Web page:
This item is listed in my Michel postal stationery catalogue as EU3, five pence violet. The EU stands for Einschreibeumschlage which means printed envelope. These were the first postal stationery items to be issued by the newly independent "Irish Free State" as Ireland was known then. It was issued in 1924, and there seem to have been three variants. My knowledge of German is extremely limited but it seems to depend on the distance between the 'r' and the 'a' in the word Claratact, and whether the text Armstrong + Co. Dublin appears on the envelope. This conforms with the standard for registered envelopes in the UK, and, apparently in Ireland as well, in that the postal fee is higher than the normal first class rate and there is a cross in blue printed on the envelope. The envelopes also came in different formats depending on size, with the smallest, which is what yours appears to be, being 134 X 83 mm. The price in 1986, the year of my catalogue was either 140, 70 or 55 Deutschmarks, so a fairly good price even then. The 55 DM is for the one with "Armstrong + Co." and I don't see that on yours so it could be one of the two higher priced ones.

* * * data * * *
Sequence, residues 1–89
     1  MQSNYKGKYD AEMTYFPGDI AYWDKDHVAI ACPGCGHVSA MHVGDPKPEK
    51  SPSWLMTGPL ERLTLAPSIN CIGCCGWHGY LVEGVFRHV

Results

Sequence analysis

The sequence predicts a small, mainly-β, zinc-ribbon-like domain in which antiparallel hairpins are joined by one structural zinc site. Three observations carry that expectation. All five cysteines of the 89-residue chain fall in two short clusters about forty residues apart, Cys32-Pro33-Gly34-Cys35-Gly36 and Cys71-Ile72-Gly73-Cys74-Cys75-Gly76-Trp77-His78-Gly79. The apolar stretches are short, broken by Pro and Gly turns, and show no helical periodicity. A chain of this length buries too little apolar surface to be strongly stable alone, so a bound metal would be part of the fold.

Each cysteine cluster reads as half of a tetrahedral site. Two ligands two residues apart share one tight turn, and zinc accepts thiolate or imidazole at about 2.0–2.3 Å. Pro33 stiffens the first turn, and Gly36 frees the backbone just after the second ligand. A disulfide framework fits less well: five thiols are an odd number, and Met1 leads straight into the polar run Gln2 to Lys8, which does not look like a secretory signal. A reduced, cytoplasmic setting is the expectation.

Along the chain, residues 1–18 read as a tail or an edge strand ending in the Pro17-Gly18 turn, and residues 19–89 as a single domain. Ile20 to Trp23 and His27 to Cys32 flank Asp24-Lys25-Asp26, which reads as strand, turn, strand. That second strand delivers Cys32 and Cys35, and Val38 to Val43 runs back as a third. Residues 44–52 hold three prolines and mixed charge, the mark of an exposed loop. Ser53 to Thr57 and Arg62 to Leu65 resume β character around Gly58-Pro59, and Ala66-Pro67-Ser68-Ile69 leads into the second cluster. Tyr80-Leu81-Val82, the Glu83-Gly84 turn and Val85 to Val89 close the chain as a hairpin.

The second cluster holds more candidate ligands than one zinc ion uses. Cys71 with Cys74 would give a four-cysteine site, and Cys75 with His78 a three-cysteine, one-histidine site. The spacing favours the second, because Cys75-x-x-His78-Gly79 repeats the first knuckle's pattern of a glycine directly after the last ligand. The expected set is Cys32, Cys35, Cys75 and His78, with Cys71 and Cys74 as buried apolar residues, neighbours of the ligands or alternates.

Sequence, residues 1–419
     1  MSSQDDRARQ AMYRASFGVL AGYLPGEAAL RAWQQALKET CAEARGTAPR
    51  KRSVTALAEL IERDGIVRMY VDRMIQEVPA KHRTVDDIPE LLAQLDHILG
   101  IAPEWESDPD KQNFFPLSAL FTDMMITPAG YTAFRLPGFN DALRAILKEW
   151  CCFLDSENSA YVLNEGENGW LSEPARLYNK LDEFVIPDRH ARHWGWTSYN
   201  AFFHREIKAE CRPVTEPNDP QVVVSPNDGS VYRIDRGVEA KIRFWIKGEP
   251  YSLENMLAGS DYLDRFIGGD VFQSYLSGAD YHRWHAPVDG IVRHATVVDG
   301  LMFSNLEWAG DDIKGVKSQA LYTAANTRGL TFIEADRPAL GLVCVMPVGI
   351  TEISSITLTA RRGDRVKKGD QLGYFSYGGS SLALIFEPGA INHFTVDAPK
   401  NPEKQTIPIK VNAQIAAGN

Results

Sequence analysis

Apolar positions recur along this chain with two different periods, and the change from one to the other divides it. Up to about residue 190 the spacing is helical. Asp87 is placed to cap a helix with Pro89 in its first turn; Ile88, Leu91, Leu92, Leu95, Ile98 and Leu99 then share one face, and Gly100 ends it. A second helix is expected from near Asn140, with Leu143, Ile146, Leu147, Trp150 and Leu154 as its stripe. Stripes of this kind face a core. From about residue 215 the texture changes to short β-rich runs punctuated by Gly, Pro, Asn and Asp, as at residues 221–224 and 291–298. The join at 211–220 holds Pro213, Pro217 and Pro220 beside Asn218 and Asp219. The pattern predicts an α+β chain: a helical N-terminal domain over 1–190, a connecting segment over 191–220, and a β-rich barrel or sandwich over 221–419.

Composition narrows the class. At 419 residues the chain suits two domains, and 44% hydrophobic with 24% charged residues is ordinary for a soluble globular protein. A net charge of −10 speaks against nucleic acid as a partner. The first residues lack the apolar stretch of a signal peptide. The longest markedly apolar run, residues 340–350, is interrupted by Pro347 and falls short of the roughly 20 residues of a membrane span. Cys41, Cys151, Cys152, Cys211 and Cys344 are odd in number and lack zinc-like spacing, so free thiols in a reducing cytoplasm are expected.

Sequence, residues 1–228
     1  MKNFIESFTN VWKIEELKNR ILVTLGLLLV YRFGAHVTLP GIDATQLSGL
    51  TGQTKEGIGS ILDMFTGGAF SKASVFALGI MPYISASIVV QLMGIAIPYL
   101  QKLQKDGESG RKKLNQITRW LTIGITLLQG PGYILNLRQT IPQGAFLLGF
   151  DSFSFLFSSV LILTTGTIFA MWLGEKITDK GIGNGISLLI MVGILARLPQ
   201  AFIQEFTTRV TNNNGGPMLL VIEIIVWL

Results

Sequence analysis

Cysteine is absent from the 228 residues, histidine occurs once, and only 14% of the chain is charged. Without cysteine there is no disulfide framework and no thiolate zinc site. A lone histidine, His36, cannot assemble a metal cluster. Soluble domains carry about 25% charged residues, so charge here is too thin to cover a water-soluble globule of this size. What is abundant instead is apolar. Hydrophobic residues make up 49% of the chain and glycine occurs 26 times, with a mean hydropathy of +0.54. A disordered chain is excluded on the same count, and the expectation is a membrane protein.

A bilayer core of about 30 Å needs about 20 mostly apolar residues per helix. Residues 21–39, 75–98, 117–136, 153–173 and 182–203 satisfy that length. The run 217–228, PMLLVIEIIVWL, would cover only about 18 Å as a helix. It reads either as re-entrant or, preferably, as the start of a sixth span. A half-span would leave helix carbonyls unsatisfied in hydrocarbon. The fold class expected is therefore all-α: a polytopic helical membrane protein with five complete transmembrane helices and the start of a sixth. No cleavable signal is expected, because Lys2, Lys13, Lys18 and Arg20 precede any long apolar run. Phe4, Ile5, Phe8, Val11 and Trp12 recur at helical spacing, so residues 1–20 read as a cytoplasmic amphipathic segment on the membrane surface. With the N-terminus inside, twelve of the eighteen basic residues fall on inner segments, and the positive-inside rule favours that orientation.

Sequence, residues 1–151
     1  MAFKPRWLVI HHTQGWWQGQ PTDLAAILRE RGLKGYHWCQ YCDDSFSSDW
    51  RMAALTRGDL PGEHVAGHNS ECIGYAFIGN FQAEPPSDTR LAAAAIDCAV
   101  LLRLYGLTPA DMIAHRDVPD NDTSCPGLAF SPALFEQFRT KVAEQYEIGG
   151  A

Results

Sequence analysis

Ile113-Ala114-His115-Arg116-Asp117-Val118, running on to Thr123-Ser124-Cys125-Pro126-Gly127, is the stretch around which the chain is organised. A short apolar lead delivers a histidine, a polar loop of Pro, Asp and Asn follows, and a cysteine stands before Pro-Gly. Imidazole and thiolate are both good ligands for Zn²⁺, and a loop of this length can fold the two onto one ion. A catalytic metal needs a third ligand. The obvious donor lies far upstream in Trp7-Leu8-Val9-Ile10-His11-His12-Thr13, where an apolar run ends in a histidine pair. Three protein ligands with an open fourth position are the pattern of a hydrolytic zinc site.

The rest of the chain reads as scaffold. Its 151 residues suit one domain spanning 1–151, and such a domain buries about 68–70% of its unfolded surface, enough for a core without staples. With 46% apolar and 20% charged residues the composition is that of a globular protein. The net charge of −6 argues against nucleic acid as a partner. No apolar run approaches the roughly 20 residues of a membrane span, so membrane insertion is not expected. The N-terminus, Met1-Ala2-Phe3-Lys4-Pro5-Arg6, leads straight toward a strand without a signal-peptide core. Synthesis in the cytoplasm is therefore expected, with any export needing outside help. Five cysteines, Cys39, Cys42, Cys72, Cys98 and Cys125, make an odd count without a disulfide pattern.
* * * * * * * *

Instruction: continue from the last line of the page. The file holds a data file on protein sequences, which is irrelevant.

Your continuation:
Am I correct that the envelope is a bi-layer inner-cloth and outer-paper?
From the US registry postmarks on the reverse side, it clearly was handled as registered, however it seems to be lacking the registry number label which would have been on the front, at upper left covering the "This space is reserved ..." message.